8th Dec, 2016

The fight continues to save Wellesbourne Airfield

Stratford Editorial 12th Jan, 2016 Updated: 28th Oct, 2016

IT’S BUSINESS as usual at Wellesbourne Airfield.

So say businesses following the news airfield owners the Littler family have issued letters informing tenants they intend to develop the site.

Residents in Wellesbourne now fear more the airfield could be lost to rumoured plans for around 1,500 new homes – a move many believe will stretch already limited resources in the village.

Plans first emerged the airfield could be set for development in March 2014 but no planning requests have yet been submitted to Stratford District Council.

The airfield is not included in Stratford’s proposed Core Strategy for future housing development and the district council is now looking at ways to secure the future of the airfield and the businesses based there – which include flying schools, an aircraft maintenance business, and a cafe. The airfield also plays host to the popular Wellesbourne Market.

Wellesbourne Matters – the village campaign group fighting to save the airfield from developers – said: “The letters received by businesses on the airfield were just part of the process the landlords have to go through – they aren’t eviction notices. And we were not surprised to find out they had arrived.

“For us as a campaign group it is business as normal. We will continue to protect and support the airfield and the businesses it houses.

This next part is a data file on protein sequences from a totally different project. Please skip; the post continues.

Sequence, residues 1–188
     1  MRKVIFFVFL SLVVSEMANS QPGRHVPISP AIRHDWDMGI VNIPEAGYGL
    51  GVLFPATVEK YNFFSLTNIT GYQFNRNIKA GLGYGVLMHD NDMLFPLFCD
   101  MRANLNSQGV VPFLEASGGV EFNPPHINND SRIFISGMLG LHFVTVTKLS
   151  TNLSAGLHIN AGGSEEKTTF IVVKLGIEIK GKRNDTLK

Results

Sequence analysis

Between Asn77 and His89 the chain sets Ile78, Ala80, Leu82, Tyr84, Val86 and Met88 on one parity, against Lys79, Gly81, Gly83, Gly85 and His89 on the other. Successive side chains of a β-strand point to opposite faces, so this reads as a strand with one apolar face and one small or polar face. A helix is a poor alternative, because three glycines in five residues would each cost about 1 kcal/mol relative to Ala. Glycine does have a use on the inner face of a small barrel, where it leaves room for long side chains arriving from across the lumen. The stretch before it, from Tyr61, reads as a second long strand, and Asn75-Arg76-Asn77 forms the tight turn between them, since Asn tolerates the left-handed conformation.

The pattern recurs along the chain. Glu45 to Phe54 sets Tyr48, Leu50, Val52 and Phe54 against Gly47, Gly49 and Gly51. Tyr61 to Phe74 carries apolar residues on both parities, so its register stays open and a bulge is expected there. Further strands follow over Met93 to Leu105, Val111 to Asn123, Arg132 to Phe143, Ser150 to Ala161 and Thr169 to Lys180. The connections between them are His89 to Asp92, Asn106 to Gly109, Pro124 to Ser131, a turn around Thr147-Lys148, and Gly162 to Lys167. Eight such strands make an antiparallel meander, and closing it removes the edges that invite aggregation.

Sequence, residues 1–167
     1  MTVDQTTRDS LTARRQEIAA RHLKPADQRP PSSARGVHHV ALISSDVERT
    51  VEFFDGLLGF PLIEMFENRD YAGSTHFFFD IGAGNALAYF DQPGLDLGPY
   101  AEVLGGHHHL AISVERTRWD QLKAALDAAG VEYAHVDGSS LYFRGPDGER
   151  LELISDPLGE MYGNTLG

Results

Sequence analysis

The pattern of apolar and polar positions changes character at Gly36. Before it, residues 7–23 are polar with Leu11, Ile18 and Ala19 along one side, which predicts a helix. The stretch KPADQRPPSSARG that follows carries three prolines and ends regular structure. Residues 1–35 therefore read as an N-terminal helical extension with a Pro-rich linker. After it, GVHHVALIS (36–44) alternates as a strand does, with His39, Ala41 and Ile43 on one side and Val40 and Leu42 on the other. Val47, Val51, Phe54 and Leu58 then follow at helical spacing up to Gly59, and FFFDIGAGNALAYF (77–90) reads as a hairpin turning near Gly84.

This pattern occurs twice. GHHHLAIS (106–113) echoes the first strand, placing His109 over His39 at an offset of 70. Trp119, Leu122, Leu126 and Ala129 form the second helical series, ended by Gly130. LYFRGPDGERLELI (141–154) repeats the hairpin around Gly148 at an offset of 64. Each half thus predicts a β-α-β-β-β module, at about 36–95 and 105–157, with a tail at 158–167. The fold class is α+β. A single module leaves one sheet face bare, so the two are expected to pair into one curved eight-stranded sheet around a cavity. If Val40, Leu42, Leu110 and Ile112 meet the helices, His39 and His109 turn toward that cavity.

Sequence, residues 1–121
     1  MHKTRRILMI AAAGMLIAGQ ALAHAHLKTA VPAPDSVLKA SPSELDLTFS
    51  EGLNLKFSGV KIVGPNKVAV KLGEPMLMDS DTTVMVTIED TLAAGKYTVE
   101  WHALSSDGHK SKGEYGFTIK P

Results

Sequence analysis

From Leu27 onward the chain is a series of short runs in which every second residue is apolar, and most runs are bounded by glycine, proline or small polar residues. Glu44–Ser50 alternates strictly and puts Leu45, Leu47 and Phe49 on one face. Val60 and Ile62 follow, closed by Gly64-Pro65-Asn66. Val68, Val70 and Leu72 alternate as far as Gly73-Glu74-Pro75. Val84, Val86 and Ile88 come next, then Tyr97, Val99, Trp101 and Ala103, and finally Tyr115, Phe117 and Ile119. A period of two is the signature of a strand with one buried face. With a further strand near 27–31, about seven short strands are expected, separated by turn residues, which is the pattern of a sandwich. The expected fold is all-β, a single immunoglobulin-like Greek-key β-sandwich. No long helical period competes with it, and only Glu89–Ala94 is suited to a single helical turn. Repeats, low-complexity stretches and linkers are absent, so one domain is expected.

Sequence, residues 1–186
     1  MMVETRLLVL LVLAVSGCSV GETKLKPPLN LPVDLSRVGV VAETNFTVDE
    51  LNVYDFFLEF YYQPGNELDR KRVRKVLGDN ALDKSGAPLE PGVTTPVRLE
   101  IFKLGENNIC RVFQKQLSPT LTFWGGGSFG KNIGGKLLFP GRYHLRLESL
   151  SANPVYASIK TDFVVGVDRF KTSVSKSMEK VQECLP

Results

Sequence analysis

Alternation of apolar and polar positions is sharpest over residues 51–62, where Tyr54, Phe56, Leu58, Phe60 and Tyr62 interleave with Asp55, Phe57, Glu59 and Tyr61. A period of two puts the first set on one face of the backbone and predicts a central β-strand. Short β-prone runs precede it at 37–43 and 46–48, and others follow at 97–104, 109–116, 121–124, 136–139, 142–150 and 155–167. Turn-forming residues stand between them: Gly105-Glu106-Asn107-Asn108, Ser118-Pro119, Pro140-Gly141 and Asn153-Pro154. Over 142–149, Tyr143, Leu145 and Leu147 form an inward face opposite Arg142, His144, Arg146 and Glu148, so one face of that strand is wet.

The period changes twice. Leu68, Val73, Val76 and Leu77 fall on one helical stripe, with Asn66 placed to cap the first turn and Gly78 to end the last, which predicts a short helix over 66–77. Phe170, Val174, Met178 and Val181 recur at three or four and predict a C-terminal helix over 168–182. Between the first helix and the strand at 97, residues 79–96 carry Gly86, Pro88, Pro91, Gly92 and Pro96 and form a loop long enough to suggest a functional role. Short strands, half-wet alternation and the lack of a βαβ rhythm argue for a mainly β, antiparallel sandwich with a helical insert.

“We want to save it from development and that is what we will carry on fighting for.”

It is also business as usual for South Warwickshire Flying School which has been training pilots at the airfield since 1982.

Managing Director Rodney Galiffe said: “We know the landowners are just going through the proper process by sending out the letter to let us know they intend to develop the site. The flying school will carry on as normal for as long as possible.”

The Platt Group – which runs the weekly Wellesbourne Market which has been operating at the airfield for more than 40 years – have reassured stallholders the market was not going anywhere soon.

In a letter to traders, Gary Platt wrote: “As you maybe aware by now notices have been served on the tenants using the airfield. The market has had no such notice.

“Once the planning proposal is submitted, we will have more of an idea of what sort of development they wish to achieve on the airfield.

“For the time being its still seems a quite few years away from any changes.”

The airfield’s history stretches back to 1941 when the Government bought 200 acres of farmland. RAF Wellesbourne Mountford was a training centre for British and Commonwealth aircrews during the Second World War, turning out pilots, navigators, wireless operators and air gunners.

The RAF sold the airfield back to the Littler Family in 1965.